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William Sellers, MD

Core Institute Member and Director of the Cancer Program, Broad Institute
Professor of Medicine, Dana-Farber Cancer Institute and Harvard Medical School

Dr. Sellers is a Core Institute Member and Director of the Cancer Program at the Broad Institute and a Professor of Medicine at the Dana-Farber Cancer Institute and Harvard Medical School. At the Broad Institute he runs a research group focused on translating genomic discoveries into new therapeutics. Previously, Dr. Sellers directed cancer drug discovery and early cancer clinical development at the Novartis Institutes for BioMedical Research overseeing scientists, clinicians and clinical staff on sites in Cambridge, Basel, Emeryville, East Hanover and Shanghai from 2005-2016. Since joining Novartis in 2005 the oncology research group brought more than 30 small molecule, biologic and cell-based cancer therapeutics into first-in-man trials including therapeutics targeting the PI3K, CDK4, IDH, ABL, SHP2, BRAF, SMO, HER3, ALK, Wnt, PIM and the Ras pathway among others. Ten therapeutics have reached market approval including encorafinib, alpelisib, ribociclib , asciminib and tisagenlecleucel.

During his tenure he conceptualized and directed the collaboration with the Broad Institute on the Cancer Cell Line Encyclopedia, the development of the Novartis Primary Derived Xenograft Encyclopedia and large-scale efforts to functionally characterize the cancer genome (Project DRIVE). Along with Dr. Carl June, he co-chaired the CART collaboration with the University of Pennsylvania that brought CTL019 to a recent FDA approval. He also built the Novartis Next Generation Diagnostics group.

He previously was an Associate Professor of Medicine at the Dana-Farber Cancer Institute and Harvard Medical School and an Associate Member of the Broad Institute. Together with Matthew Meyerson, he initiated and developed large-scale efforts to resequence genes in diverse cancer types. In addition they pioneered the use of high-density SNP arrays for defining LOH and copy number alterations across cancer including the development of the widely used GISTIC algorithm. These projects led to discovery of EGFR mutations in lung adenocarcinoma and the discovery of the oncogenic role of the MITF gene in melanoma. In addition, his work advanced the understanding of the molecular mechanisms of growth regulation of the PTEN tumor suppressor gene. Dr. Sellers was a member of the National Cancer Advisory Board. Dr. Sellers received his B.S. from Georgetown University in 1982 and M.D. from the University of Massachusetts Medical School in 1986. He completed residency training in Internal Medicine at the University of California San Francisco in 1989 and trained in Medical Oncology at the Dana-Farber Cancer Institute.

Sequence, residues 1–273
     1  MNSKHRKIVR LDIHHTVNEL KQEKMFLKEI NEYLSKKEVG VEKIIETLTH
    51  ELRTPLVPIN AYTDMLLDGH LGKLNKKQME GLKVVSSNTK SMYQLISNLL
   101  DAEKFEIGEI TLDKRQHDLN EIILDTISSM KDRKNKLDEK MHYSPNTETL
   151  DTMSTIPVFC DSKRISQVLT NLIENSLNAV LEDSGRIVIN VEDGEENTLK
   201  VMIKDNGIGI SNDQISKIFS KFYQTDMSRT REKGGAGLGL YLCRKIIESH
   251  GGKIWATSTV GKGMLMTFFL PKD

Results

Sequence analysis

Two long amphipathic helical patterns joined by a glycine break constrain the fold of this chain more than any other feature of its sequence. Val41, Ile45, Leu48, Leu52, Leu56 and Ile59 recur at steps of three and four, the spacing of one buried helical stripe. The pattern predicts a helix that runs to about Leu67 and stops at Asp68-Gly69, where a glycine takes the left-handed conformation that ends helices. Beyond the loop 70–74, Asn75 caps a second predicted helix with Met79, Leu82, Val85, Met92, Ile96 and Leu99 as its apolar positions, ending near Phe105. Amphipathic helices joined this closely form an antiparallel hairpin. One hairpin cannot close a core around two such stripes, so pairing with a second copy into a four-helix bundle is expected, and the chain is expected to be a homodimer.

Other Facts

  • Fellow in Oncology at DFCI
  • Post-doc at DFCI with Bill Kaelin and David Livingston and worked on the RB tumor suppressor gene
  • Independent Investigator at DFCI, worked on the PTEN tumor suppressor pathway
  • Initiated cancer genome discovery efforts with Matthew Meyerson including Kinome Sequencing project and the development of SNP arrays for copy number alteration detection. Co-led the Cancer Genome group with Matthew Meyerson first at the Whitehead Institute Genome Center and then the Broad Institute.